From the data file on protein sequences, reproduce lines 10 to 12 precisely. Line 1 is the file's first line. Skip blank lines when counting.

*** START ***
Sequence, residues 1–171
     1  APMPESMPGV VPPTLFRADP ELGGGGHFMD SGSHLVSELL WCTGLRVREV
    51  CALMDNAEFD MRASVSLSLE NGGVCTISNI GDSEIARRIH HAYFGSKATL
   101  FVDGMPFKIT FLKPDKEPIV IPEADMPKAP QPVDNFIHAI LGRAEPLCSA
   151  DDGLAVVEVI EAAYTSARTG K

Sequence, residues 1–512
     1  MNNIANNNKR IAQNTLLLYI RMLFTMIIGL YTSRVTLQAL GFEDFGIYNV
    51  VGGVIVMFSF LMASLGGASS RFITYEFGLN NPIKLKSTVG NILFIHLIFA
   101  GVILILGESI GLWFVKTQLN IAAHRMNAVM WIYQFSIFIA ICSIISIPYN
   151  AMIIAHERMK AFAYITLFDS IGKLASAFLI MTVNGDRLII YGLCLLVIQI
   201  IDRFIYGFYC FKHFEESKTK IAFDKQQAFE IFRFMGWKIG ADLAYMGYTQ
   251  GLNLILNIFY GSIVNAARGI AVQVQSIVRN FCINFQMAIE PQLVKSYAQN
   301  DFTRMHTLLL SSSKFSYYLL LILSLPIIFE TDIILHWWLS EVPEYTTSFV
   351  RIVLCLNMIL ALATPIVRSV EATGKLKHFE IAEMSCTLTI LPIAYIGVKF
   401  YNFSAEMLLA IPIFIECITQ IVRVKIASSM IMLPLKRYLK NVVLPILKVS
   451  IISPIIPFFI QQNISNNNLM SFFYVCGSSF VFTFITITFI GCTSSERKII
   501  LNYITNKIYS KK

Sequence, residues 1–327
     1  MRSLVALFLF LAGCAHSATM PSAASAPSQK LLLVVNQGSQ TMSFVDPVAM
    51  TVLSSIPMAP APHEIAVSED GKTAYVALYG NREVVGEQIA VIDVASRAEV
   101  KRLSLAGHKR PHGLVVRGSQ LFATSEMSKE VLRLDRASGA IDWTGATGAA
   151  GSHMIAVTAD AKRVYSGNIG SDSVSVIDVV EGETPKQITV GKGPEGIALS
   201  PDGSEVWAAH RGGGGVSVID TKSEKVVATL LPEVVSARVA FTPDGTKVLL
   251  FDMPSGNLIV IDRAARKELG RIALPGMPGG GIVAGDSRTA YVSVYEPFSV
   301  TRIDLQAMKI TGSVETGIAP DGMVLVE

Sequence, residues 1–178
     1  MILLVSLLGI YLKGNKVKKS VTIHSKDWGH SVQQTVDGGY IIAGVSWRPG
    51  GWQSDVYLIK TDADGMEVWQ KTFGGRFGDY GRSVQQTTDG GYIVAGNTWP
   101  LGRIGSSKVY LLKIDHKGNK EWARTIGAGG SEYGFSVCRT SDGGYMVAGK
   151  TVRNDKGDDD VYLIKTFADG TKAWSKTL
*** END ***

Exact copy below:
   151  AMIIAHERMK AFAYITLFDS IGKLASAFLI MTVNGDRLII YGLCLLVIQI
   201  IDRFIYGFYC FKHFEESKTK IAFDKQQAFE IFRFMGWKIG ADLAYMGYTQ
   251  GLNLILNIFY GSIVNAARGI AVQVQSIVRN FCINFQMAIE PQLVKSYAQN